Veterans who have a 100% VA Disability Rating have many questions when it comes to employment. In most cases, Veterans receiving VA disability compensation can still work. However, there are a few exceptions that Veterans must know. The short answer- it depends on how you have reached your 100% rating. Are you getting a 100% schedular rating? Are you getting 100% unemployability (aka, TDIU or IU)? Read on for a breakdown.
Working with a 100% Schedular Disability Rating
If you are working with a 100% VA rating via schedular, there are no limitations on an individual’s ability to work. The eligibility requirements to qualify for the 100 percent schedular disability rating are listed here:
- You must have a service-connected disability; and
- VA must rate it at the 100 percent level as outlined by the criteria for that condition; or
- You have multiple service-connected disabilities that combine to 100 percent
With the 100 percent combined disability rating, you do not have any restrictions on work activity. If you meet the 100 percent rating for your service-connected condition, and you are still able to work, then you may do so.Schedule My Consultation Now
Working with a TDIU 100% Rating
Total disability based on individual unemployability (TDIU) is a benefit that allows veterans to be compensated at VA’s 100 percent disability rate, even if their combined schedular disability rating does not equal 100 percent. TDIU is awarded when veterans are unable to maintain gainful employment as a result of their service-connected conditions. In this case, substantially gainful employment depends on whether a veteran’s annual income meets or exceeds the federal poverty threshold for a single person. Therefore, there are certain circumstances in which veterans may still be employed while receiving TDIU benefits.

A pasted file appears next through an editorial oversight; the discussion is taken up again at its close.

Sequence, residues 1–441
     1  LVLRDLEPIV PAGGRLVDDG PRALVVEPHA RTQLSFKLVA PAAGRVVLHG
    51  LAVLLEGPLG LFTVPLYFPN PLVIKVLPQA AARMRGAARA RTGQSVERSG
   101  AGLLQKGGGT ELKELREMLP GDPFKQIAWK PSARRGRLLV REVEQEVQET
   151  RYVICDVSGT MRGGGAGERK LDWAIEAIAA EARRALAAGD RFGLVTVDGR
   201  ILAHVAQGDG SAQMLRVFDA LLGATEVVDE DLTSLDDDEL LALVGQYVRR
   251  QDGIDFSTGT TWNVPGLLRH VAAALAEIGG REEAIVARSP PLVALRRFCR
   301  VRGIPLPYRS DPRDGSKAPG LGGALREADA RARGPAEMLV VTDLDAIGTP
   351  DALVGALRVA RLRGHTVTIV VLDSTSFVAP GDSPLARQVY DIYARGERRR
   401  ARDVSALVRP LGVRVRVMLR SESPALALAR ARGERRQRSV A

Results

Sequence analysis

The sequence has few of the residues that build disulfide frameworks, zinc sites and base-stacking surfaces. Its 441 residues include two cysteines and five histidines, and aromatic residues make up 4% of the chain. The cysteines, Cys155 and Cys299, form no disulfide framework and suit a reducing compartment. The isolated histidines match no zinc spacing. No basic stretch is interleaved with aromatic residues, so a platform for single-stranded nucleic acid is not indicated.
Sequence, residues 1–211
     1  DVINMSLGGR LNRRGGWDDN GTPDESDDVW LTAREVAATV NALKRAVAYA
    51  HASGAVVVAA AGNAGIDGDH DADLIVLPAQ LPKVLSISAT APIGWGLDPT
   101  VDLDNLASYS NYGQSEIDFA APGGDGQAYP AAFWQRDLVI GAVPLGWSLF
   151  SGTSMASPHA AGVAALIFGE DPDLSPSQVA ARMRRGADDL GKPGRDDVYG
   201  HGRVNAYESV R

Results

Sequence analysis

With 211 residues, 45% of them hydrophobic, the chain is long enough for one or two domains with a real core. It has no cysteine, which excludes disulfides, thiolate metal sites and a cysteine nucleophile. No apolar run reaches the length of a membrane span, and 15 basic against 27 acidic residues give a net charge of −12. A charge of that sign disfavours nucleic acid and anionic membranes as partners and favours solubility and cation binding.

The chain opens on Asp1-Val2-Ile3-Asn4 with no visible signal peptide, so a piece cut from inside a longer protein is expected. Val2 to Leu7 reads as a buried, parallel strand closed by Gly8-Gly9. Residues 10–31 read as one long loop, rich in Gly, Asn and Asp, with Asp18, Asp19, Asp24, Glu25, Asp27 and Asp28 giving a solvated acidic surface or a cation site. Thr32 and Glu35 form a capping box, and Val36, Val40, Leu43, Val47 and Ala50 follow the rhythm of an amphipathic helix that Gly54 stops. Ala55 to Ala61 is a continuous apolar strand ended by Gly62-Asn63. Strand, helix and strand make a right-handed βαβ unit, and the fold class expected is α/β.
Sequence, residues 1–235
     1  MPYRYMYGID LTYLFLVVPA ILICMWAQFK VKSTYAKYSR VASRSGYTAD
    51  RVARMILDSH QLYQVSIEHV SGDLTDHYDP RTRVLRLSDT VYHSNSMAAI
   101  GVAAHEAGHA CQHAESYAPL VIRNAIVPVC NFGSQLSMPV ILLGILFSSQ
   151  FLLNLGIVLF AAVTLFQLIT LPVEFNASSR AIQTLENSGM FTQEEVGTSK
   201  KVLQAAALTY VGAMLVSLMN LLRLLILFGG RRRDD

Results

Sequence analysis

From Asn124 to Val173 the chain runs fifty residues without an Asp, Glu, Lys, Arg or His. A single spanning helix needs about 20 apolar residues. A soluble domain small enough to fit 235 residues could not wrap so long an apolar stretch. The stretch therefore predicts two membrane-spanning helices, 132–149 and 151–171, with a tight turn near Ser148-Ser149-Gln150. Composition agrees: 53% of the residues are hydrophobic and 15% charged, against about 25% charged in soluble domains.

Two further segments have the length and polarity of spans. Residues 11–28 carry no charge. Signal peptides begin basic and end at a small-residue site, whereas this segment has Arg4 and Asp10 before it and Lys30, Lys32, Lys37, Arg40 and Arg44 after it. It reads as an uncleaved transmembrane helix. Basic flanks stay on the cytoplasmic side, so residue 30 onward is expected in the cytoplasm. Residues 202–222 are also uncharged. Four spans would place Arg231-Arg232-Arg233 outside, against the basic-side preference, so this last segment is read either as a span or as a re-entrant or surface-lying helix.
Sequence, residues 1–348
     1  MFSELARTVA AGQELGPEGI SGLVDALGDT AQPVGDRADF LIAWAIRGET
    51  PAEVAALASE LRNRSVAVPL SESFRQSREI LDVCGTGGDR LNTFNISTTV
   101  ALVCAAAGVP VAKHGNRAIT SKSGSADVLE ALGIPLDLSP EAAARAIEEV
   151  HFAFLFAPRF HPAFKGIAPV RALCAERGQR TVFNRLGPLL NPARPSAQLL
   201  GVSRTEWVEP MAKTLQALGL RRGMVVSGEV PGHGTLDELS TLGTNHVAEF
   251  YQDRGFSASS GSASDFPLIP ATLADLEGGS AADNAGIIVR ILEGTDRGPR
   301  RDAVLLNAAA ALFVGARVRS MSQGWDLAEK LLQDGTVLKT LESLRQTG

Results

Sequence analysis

- Veterans with a 100% schedular disability rating may legally have “substantially gainful employment”
- Veterans may receive compensation due to 100% Total Disability/Individual Unemployability; however, they are not eligible to work. Receiving the Individual Unemployability benefit which designates you as 100% “unemployable” means you cannot work a job deemed “substantially gainful employment” because this elevates your income above the “official” Census Bureau’s definition of the poverty line
- In reference to Individual Unemployability, it does not matter how much or how little you work, the measures of “gainful employment” here is whether or not your earnings rise above the poverty threshold as determined by the government
- If you’re still not certain of your individual circumstances, it may be best to consult with a claims expert with knowledge of TDIU benefits